Monday, 21 June 2021

Verne's worldly tale is a feast of storytelling, circus and slapstick

Verne's worldly tale is a feast of storytelling, circus and slapstick

Around the World in 80 Days | Oxford Playhouse | Tuesday, July 25

DOES Jules Verne’s classic satire on British manners get a full airing? Pretty much, save for a hot air balloon — but we didn’t seem to miss it.

Does it give a round night’s entertainment? Oh yes, although it’s doubtful Verne ever foresaw the events on the Playhouse stage.

We need to think of this as Around the World in 80 Days with knobs on — and the biggest knob of all is the hilarious Michael Hugo as Passepartout.

This isn’t so much an episodic retelling of the novel as a high-summer pantomime with acrobatics, dancing, truly excellent remote stage fights and a wry look at the way the British once viewed the world — and may still do in isolated pockets.

Hugo shines through it all in a very French way — slightly humble, slightly mocking, very worldly and incredibly athletic.

The story is never lost in the high-jinks, but while it runs as a continuous thread through the show it does sometimes sag under the weight of the add-ons like a 10-minute circus routine and a five-minute opening to the second act comprising only Hugo talking to the audience and occasionally playing a ukulele. There is no doubt Hugo’s Passepartout is the centrepiece. He dominates everything when on stage, which is most of the time.

Perhaps the director, Theresa Heskins, wanted to milk his talents as much as possible, but the result sometimes is overlong scenes.

On the other hand, the pace and invention which shows itself for most of this show is the sort of thing to leave you breathless and every audience member could be seen with a beaming smile on their face as they left — and that tells a story.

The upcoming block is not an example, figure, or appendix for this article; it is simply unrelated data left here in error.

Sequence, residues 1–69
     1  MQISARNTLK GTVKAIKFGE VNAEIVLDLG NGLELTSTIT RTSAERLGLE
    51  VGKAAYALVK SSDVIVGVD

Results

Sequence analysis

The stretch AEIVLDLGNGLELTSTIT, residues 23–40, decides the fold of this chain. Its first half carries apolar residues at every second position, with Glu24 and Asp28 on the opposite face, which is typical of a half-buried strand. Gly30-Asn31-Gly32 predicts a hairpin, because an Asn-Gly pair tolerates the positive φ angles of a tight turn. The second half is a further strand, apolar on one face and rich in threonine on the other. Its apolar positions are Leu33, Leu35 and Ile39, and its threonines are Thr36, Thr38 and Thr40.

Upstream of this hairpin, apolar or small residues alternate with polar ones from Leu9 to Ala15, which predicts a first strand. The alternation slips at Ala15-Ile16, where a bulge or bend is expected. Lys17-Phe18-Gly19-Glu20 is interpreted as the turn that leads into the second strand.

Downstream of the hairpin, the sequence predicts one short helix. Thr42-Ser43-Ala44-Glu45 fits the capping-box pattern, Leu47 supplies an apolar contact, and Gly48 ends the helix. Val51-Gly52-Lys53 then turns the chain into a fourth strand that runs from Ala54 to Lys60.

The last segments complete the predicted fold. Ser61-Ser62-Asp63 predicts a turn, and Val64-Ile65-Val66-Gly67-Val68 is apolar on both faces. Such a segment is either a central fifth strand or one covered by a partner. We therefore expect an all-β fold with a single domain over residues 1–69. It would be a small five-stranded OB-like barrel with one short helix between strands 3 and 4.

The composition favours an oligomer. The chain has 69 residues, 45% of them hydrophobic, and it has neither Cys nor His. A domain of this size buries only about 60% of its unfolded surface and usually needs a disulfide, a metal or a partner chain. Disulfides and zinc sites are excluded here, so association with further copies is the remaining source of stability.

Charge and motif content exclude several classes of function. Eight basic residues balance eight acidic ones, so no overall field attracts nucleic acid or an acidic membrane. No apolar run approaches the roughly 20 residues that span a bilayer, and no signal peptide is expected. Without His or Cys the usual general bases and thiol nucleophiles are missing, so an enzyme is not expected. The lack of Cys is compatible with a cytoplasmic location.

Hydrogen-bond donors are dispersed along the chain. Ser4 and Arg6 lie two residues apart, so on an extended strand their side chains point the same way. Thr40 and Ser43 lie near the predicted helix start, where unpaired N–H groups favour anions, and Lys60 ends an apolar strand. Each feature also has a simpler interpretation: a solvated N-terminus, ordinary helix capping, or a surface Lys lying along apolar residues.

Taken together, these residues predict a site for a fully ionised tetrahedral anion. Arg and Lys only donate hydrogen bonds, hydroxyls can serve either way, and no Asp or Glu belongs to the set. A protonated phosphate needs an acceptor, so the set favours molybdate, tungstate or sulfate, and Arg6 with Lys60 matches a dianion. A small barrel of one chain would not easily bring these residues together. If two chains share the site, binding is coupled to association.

The formalities of the plot: stiff, rich and upper class Phileas Fogg takes a potentially ruinous bet at his gentlemen’s club that he cannot travel round the globe in 80 days. We know what happens afterwards — and if some don’t then I won’t spoil it by telling you.

His new manservant, Passepartout, a worldly Frenchman, acts as his factotum and guardian as the adventures unfold — a relatively uneventful journey to France, then to Italy and Brindisi, where things start to ramp up, a dangerous visit to Bombay, a broken rail journey to Calcutta picking up a future wife along the way, passage to Hong Kong, then Japan, on to San Francisco, across by rail and other means to New York and a busy sea return to Liverpool.

It’s the irony-saturated way the story is told which makes it so enjoyable — that, and the sheer physicality of the cast as they become rail carriages, ships, an elephant, then fighters, dancers and proper speaking characters.

The stage consists of packing cases arranged against a backdrop of the world as it was known to our 19th century ancestors — covered in pink.

There is nothing that money or an Englishman’s word cannot buy, and there was a time when this nation bought into that.

Now we look at it and it seems like another country — save for the time when the passports are produced for the first time. No one makes any mention of it, but they are EU burgundy passports. A funny touch.

What a combination of storytelling, circus and slapstick!

Until Saturday.

Mike Rowbottom

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